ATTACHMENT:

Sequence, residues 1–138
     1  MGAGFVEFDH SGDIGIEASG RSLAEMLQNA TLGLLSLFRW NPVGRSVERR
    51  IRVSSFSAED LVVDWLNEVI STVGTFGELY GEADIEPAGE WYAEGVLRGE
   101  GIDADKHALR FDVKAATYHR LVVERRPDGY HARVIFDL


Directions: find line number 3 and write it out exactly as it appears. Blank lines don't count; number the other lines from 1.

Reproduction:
    51  IRVSSFSAED LVVDWLNEVI STVGTFGELY GEADIEPAGE WYAEGVLRGE